Monday, November 22, 2010

Decorating the Downtown for Christmas

And the prettiest sight you'll see  . . Toots Hobson has a bird's eye view of the square as she adds Christmas greenery and a red ribbon to the historic fire bell. She noted that mischievous children in an earlier time would run a string from the bell to the top of Hill Brothers Store to ring the bell and not get caught!

The Merry Weather Garden Club and the County Commissioners purchased sixteen new wreaths for the courthouse this Christmas season. Garden Club members responsible are,from top, Sally Neal, Toots Hobson and guests Margaret Corbett from Connecticut and Muriel Quinn from Rhode Island.  Also offering vital help but not in the photo were Linda Gasses, Battle Neal, Ed Hobson, and Melvin Kelley. 

Monday, November 15, 2010

October-November 2010

The Merry Weather Garden Club met in October and was hosted by Dee Garrett and Jean Biggers.  The club went to Rocky Branch Garden Center in Pine Mountain owned by Ken and Sherrie Callaway and met gardeners Debra Daniel and Debbie Lee who presented the program.
   The club first enjoyed learning about Clay Buster, an organic and mineral soil conditioner that improves heavy soils by loosening the soil and allowing better drainage so roots can thrive.  It is a mixture of bark, limestone, sphagnum peat moss and gypsum that Rocky Branch adds to regular dirt in their potting.
  Debbie Lee showed the ladies two ways to root plants: making a lateral cut and inserting in water containing a baby aspirin.  Plants that are blooming may be rooted by cutting a sample, dusting it in Rootone, a rooting hormone and then planting it.
   The program was also about blooming plants like dahlias and chrysanthemums and the garden center had many colorful mounds of Korean and Belgium mums. There are many hybrid chrysanthemums and genus and cultivars branching off from them that allow for many types of blooms: daisy, pom pom, button, etc. and they come in every color with the two overall divisions of mums being a basic garden variety that is sturdy and planted outdoors and an exhibition variety that is for annual bloom and color.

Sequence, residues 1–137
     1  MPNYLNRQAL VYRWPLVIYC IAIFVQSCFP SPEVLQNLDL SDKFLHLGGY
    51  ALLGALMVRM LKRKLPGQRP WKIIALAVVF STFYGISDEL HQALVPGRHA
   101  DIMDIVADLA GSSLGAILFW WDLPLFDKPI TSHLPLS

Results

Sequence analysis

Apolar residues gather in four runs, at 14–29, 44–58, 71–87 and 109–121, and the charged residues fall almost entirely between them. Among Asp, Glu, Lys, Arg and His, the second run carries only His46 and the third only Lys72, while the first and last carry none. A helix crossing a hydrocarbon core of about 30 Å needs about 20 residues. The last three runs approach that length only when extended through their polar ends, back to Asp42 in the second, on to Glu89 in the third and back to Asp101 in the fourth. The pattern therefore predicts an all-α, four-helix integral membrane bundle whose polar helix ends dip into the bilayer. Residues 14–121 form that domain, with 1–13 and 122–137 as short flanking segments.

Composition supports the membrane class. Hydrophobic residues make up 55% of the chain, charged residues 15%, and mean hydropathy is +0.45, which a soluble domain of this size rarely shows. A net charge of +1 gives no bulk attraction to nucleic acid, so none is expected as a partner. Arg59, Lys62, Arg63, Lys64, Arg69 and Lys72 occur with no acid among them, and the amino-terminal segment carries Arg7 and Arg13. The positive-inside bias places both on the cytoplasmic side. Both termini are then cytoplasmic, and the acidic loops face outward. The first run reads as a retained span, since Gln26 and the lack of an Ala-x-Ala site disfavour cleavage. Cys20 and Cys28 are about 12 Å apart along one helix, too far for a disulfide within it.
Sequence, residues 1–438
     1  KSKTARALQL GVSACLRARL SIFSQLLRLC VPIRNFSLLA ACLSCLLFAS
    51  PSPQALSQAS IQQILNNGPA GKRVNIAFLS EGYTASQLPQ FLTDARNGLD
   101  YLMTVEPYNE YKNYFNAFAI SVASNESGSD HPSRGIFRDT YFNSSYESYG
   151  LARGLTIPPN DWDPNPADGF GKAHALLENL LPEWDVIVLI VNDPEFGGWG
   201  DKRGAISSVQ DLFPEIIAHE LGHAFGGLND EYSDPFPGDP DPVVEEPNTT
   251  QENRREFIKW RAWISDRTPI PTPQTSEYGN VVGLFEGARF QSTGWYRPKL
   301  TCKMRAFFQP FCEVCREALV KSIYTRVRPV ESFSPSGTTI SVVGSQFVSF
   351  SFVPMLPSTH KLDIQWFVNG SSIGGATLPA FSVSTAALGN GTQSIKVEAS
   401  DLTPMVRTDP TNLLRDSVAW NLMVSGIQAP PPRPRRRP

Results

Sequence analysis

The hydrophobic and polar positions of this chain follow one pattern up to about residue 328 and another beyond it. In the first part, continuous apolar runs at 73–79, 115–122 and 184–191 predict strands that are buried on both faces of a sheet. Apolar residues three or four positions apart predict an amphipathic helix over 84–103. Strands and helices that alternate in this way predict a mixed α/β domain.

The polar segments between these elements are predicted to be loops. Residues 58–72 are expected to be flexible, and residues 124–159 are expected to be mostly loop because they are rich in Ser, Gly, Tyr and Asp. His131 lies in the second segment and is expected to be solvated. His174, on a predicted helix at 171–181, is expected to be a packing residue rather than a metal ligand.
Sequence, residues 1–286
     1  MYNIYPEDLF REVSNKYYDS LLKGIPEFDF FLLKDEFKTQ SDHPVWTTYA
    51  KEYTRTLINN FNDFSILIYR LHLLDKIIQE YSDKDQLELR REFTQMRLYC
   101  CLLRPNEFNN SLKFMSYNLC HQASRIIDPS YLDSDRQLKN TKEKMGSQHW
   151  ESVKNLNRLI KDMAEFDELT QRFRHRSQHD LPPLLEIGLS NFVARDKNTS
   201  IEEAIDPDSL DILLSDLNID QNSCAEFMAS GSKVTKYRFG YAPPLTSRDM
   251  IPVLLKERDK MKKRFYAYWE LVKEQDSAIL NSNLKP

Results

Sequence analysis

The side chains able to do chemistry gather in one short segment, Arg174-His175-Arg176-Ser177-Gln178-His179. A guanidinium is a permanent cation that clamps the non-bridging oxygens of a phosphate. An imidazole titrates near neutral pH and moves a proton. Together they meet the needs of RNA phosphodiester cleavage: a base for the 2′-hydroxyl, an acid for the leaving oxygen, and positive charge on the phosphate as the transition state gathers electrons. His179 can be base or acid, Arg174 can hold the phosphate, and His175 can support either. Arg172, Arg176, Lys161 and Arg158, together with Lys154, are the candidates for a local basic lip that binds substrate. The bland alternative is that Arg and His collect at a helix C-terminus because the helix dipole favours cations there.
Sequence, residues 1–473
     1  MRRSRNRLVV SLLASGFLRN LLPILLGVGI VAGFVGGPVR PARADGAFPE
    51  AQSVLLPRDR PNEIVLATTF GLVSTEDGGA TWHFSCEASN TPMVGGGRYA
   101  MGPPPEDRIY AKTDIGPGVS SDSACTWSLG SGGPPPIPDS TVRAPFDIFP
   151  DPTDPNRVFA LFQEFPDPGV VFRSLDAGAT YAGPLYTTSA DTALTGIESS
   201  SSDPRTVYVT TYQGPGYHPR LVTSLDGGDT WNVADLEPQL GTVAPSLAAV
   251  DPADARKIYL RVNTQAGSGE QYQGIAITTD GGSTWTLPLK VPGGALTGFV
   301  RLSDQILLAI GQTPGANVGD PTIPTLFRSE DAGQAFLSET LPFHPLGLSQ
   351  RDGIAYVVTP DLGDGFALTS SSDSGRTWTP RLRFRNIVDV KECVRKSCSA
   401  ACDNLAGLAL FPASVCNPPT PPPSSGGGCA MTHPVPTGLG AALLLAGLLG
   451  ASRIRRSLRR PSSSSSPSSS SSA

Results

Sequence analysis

The mum is used in Asia to brew tea, it is a natural insecticide, and an air purifier. Japan holds the mum dear with the Chrysanthemum Throne, the position of the Japanese emperor; the Order of the Chrysanthemum, the nation’s finest honor; and the mum on crests, incorporated into architecture and stamped on their currency.
   Korean mums are the tall with daisy like flowers and are the sturdy popular garden variety. The newcomer is the Belgian mum with tight flowers sometimes numbering over 600 to a plant that mound and bloom well into cold weather. The Belgian mums come in hundreds of colors and shades and are popular plants for sale in the fall.
   The ladies at Rocky Branch pointed out flowers and shrubs that have year around interest or color and texture: viburnums for deciduous fall color, deutzia with its white and pinkish blooms that is part of the hydrangea family, Warren’s Red holly that is a shrub or small tree, and evergreen hollies that have soft leaves instead of spiky briars.
There are several new varieties of Loropetalum or Chinese fringe flower and they now come in pink, red, purple, and white and dwarf varieties like Pixie.
   The club members enjoyed discount shopping in the garden shop where there are many attractive and humorous gift items plus making purchases from the garden area.  The morning finished with lunch at Rose Cottage.
   The garden club met Thursday, November 4 at the Foxx Den Restaurant and covered three items of business: the club voted to purchase sixteen wreaths to decorate each of the bases of the columns of the courthouse and to purchase one $250 paver in honor of the garden club to support the Better Home Town Program.  Final preparations for the group to gather on November 20 to decorate the square in Greenville and the railroad bridge were made.
   Linda Wilburn led the members on a tour of the Jones Print Shop she has purchased and is renovating to make into a consignment gallery for local Meriwether artists. A massive, old, unique paper cutter was left in the building and Wilburn will leave it on display and incorporate it into the gallery’s name.